Food left on table: 150,000 eligible Minn. families missing out on $325 for pandemic food benefit as deadline nears


By Eddie Chuculate

As the coronavirus has broken United States food-supply chains, and grocery stores in Minneapolis closed or disrupted due to rioting, free groceries offered by the state are being left on the table.

The deadline to receive a one-time $325 Pandemic Electronic Benefit Grant, known as a P-EBT, is July 31.

Families in Minnesota who have children who receive free or reduced-price lunches in school, or those families whose children attend schools where all kids receive free meals, are instantly eligible.

The funds are distributed on a card that can be used at grocery stores, farmers markets, and for online food purchases through Amazon and Walmart.

The grant is intended to keep schoolchildren who normally eat meals at school and are not at school because of the state-mandated coronavirus shutdown fed with healthy food.
Many Native American families in the Twin Cities attend such schools, like Bdote Learning Center, and would be eligible.

But according to a news release from the state Department of Human Services, 150,000 eligible families haven’t taken advantage of the opportunity.

More than 200,000 families have already applied for or received P-EBT, according to MDHS. But in more than 24 eligible school districts, no one has applied, leaving food on the table.

In a statement, the department said its staff members are “working with community partners to target specific areas of the state with lower enrollment numbers.”

Many households are struggling during the pandemic, due to job losses or reduced hours, and the $600 a week bonus in unemployment benefits expires this month.

Minnesota has also extended P-EBT to provide an additional food benefit through the summer. With Summer P-EBT, each eligible child will receive an additional $100 food benefit. Eligibility follows P-EBT guidelines.

Those who have applied will receive the benefit automatically; those who have not can apply for P-EBT online. The department will issue the summer program funds in August, according to the release.

DHS and the state Department of Education are urging families with schoolchildren who received the federal free and reduced-price meal program to apply for P-EBT online at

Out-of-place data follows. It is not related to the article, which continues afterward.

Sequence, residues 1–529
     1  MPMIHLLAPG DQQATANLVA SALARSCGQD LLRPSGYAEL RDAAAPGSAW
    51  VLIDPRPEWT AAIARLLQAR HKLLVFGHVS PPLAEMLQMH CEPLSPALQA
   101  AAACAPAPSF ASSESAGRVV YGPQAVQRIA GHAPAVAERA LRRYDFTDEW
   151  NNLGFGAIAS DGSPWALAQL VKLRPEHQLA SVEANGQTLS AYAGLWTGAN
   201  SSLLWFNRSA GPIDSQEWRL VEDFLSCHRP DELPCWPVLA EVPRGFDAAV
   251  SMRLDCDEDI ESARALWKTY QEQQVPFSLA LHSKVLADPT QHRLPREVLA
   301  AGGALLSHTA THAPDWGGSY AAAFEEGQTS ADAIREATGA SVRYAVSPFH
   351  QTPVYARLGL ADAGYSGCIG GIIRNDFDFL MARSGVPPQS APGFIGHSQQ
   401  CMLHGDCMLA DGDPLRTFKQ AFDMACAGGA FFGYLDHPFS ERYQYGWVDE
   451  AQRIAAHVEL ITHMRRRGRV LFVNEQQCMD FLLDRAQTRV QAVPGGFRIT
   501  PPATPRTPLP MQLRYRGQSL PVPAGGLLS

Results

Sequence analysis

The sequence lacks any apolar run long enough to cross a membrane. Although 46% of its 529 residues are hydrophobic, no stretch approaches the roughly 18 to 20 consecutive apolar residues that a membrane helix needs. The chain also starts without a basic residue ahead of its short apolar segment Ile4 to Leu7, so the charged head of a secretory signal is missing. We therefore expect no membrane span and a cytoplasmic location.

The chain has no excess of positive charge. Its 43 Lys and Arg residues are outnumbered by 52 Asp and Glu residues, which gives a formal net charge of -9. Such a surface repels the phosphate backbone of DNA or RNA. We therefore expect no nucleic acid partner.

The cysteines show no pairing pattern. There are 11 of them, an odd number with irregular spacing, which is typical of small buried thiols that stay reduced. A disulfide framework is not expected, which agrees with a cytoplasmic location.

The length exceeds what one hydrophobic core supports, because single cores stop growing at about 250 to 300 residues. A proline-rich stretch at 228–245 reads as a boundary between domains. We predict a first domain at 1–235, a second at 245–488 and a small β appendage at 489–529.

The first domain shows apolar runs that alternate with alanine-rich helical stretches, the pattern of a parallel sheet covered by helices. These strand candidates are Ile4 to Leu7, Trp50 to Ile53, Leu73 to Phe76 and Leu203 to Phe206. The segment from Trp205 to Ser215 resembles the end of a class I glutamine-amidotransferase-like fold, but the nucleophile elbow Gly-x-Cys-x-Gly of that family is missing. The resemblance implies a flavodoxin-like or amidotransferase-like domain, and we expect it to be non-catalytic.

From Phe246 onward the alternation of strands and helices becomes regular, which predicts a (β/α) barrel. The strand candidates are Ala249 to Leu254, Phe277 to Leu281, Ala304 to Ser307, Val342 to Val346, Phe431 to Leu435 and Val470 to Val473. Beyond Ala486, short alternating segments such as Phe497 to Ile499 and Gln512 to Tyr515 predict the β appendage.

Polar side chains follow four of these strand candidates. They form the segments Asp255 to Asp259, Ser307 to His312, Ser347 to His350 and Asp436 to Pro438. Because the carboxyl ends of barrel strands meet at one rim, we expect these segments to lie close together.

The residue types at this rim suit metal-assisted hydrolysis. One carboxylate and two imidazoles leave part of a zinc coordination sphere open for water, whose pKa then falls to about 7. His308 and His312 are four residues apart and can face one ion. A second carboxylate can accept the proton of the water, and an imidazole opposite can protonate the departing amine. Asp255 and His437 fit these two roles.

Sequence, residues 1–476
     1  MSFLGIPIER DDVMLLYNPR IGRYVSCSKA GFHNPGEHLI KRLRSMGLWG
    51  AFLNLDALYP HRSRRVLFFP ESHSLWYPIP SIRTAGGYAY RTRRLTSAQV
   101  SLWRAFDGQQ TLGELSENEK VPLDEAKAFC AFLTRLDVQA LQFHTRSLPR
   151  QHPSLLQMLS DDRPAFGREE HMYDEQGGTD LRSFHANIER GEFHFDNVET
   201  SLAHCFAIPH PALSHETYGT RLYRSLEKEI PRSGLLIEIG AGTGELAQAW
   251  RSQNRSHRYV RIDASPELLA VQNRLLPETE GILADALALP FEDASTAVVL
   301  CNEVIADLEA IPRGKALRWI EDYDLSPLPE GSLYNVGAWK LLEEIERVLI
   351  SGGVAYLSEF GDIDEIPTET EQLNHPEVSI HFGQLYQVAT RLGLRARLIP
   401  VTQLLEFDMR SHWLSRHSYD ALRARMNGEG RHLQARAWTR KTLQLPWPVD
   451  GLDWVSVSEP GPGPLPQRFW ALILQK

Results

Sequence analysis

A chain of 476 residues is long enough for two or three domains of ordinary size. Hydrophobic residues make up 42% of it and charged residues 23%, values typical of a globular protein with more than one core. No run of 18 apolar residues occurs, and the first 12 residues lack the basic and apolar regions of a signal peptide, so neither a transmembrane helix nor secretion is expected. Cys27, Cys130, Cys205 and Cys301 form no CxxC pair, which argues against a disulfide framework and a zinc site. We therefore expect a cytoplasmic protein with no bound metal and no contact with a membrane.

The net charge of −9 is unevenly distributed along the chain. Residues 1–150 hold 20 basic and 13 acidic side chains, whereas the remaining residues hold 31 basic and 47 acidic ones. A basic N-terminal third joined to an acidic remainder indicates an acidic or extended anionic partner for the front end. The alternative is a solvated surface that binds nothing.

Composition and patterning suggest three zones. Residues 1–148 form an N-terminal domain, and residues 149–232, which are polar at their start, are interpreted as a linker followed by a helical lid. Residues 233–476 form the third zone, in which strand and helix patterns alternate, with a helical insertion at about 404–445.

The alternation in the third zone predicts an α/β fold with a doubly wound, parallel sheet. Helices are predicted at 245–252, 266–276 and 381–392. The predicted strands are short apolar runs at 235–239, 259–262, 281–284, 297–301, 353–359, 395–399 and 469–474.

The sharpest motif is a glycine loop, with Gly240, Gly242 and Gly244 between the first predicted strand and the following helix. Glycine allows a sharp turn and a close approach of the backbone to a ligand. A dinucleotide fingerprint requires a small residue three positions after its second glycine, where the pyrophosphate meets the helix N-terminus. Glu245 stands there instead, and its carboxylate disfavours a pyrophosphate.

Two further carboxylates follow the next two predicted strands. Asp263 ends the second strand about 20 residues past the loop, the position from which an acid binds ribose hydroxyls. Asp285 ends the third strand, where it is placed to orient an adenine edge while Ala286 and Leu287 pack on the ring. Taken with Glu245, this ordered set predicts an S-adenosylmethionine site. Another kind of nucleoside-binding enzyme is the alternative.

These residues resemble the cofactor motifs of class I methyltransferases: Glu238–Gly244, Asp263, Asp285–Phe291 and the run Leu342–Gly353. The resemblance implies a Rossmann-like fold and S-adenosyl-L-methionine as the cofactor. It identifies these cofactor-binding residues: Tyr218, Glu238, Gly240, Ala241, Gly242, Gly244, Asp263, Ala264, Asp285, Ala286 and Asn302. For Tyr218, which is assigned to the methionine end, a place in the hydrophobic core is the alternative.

Families in need of additional assistance accessing healthy foods are urged to contact their county or tribal human services office or the Minnesota Food Helpline at 888-711-1151 or

Second Harvest Heartland, the leading Minnesota food bank, said on its website in June that a hunger crisis is forthcoming “unlike anything seen since the Great Depression.”

By August, Second Harvest said, 1 in 8 Minnesotans will experience hunger, up from the current 1 in 11, according to data commissioned from McKinsey and Co., a management consulting firm.

The Minnesota Department of Health is recommending that only one or two household members who are at low risk for adverse reactions to the coronavirus go grocery shopping.

Due to the new state mandate, individuals must wear a face covering. Individuals should keep at least 6 feet away from fellow shoppers.

The Health Department also recommends avoiding public transportation if possible and washing your hands upon returning from the store.

While out shopping, try to stock up on vegetables and other items that have a long shelf life, and avoid handling food unnecessarily.

Come prepared with a thought-out list that encompasses snacks and healthy options, trying to avoid too much caffeine or sugar.

There are several organizations in the Twin Cities that help with food. The Health Department has a list of agencies on its website such as Meals on Wheels or the YMCA.
The Minnesota Food Helpline at 800-711-1151 can also help. The Hunger Solutions website can search by your ZIP code in categories such as food shelves, senior resources, farmers markets, free meals, discount groceries and community food distributions.

Some basic food items such as eggs, milk and bread were already scarce in the initial scare and hoarding after the pandemic first hit, and stores began to limit the number of items customers could purchase.

The prices of grocery staples such as meat, dairy and produce have shot up as demand outstrips supply.

More information on food access and shopping for groceries during the pandemic, can be found at:

Healthy Eating During the COVID-19 Pandemic

Good Food Sold Here: Increasing Access to Healthy Foods in Small Stores

Food shelves and resources

The Coming Hunger Surge–how-we-help/the-face-of-hunger-today/the-coming-hunger-surge.html#.XvSpIChKiM8